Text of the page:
over the years cost ExxonMobil billions of dollars. Tillerson has allegedly taken steps to rid himself of his conflicts
of interest by selling 600,000 shares in Exxon and placing his retirement package in a blind trust. He is also expected to recuse himself from issues that may affect ExxonMobil for his first two years in office.
Carl Icahn, who will serve as a special advisor on regulatory reforms to President Trump, has a huge amount of investments in the energy sector as well.
Trump appears to have stuck with his politics-as-business approach to governing by nominating lots of people from large corporations and banks. But most notably, he’s also appeared to bring in a fair bit of the “swamp” of Wall Street that his campaign
was so hell-bent on draining.
New Secretary of Treasury Steve Mnuchin was a former Goldman Sachs partner. He also served for four years as director of OneWest Bank. Stephen Bannon also has a former history with Goldman Sachs in an executive banking role. Gary Cohn, the outgoing president of Goldman Sachs, is set to be Trump’s director of the National Economic Council.
Trump’s recruitment of Goldman Sachs alumni doesn’t stop at the cabinet however. Though not a member of Trump’s cabinet, the President’s pick for head of the SEC, Jay Clayton, has a long history as a lawyer defending big banks on Wall Street. He played a key role in advising Goldman Sachs on the government bailout plan following their controversial crash in 2008. As the head of the SEC, Clayton would be responsible for rooting out the kind of financial crime that Goldman Sachs was involved in to cause the economic crisis. Clayton’s wife also works for Goldman Sachs as private wealth advisor.
It’s worth noting that having former Goldman Sachs employees in government positions is not overly controversial in itself. For the past 16 years, multiple Goldman Sachs alumni have had positions under a President. But naturally, the contrast to Trump’s “drain the swamp” rhetoric of corruption in government and on Wall Street doesn’t sit well with most. And as economics writer Joseph Lawler explains, Goldman Sachs invests heavily in training its employees for a future in finance and government, which has led to government officials who will naturally be pro-Wall-Street. As a financial instituion, Goldman Sachs appears to also serve as a boot camp in political revolving doors.
Trump’s administration is the wealthiest in history by far, at over $13 billion in collective net
worth. Including himself, the cabinet contains four billionaires. Amassing a large net worth over a career isn’t alarming in itself. Indeed, this kind of skill could be valuable in certain government positions. But a long history of
business interests and involvements can also mean more parties to potentially disappoint, more relationships to keep on good terms.
But some of the real money actually lies outside of Trump’s official cabinet picks. Carl Icahn, who will serve as special advisor on regulatory reform, is worth a staggering $17.8 billion. Icahn has a huge amount of holdings and investments in the energy sector. As a non-cabinet employee, Trump’s team has claimed that Icahn is exempt from conflict of interest scrutiny since he is not technically a federal employee. But Richard Painter, who served as chief ethics lawyer under President George W. Bush, called this kind of situation an “ethics minefield” and could lead to potentially sticky situations in court.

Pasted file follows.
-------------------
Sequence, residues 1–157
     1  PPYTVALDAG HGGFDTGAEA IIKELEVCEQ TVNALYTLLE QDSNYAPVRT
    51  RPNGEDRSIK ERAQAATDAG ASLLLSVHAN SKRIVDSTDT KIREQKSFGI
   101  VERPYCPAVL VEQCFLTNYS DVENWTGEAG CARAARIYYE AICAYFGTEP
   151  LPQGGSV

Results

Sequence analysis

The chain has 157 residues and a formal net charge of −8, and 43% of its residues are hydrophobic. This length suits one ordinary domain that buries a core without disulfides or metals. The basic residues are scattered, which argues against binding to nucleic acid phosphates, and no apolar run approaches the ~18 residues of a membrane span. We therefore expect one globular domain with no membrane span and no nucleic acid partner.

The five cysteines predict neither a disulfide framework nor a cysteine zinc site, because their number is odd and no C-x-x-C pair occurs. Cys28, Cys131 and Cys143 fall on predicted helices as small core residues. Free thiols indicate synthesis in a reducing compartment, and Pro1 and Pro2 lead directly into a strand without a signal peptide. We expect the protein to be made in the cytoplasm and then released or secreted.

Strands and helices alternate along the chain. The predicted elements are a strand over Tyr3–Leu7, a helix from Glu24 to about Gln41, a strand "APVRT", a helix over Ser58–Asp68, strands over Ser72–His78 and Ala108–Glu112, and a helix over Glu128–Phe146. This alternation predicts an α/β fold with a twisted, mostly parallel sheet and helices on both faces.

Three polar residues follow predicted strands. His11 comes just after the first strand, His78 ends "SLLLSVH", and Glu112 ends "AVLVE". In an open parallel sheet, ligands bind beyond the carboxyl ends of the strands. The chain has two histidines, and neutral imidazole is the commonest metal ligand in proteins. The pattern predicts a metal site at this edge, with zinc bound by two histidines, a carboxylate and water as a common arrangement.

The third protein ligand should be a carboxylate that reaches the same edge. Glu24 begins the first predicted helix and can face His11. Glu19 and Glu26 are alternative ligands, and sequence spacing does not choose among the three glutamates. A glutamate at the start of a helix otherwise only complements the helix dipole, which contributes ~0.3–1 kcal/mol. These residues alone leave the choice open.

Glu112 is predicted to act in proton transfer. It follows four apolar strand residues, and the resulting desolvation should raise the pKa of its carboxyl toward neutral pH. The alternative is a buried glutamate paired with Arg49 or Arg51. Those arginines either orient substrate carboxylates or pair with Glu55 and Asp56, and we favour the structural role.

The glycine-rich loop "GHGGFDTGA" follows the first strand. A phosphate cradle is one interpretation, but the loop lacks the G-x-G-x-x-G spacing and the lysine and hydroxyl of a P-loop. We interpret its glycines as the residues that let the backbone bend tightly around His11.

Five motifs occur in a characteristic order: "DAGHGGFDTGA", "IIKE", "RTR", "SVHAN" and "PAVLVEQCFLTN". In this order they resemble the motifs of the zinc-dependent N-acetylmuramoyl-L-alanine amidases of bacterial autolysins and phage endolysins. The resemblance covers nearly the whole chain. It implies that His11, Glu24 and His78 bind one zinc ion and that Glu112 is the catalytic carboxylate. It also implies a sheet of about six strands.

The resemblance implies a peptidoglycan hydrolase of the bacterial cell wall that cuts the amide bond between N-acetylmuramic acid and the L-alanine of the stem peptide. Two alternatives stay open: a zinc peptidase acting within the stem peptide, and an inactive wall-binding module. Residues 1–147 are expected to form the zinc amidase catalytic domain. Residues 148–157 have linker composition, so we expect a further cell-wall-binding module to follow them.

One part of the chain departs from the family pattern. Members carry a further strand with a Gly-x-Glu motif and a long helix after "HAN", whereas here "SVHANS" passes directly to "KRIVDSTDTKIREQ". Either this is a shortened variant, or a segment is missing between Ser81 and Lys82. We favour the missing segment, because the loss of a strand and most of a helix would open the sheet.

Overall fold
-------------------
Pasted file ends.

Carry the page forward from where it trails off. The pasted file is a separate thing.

Previous administrations have had to deal with this potential problem as well. During the Obama administration, Commerce Secretary Penny Pritzker was worth around $2.5 billion. Most of this wealth was amassed from family involvement in co-founding Hyatt Hotels. After strict scrutiny from government ethics boards, Pritzker divested 220 separate holdings and resigned from positions at 158 different organizations before her confirmation in 2013. Many of Trump’s official cabinet nominees are being pushed into the same process. Wilbur Ross, incoming Commerce Secretary resigned from his position on the board of ArcelorMittal, the world’s largest producer of steel. Yet this situation doesn't necessarily bring an end to his potential conflicts: ArcelorMittal stands to gain much more from decisions made by Ross as the Commerce Secretary than Hyatt Hotels would have from Penny Pritzker. Former Treasury Department official Gary Hufbaer, now senior fellow at the Peterson Institute for International Economics, explained in an interview with ProPublica: “there are a lot fewer conflicts with hotels than the steel industry. That’s a pretty qualitative difference.”
When looking at conflicts of interest between business and politics, it can be tempting to only focus on the quantity of it all - how many connections, how much worth, who knows who. And these can be important measurements, to be sure. But sometimes, it's the qualitative differences that end up resurfacing in the future. The members Trump placed in his Cabinet have immense power and responsibility in deciding the policy of America; it's wise to keep an eye on them.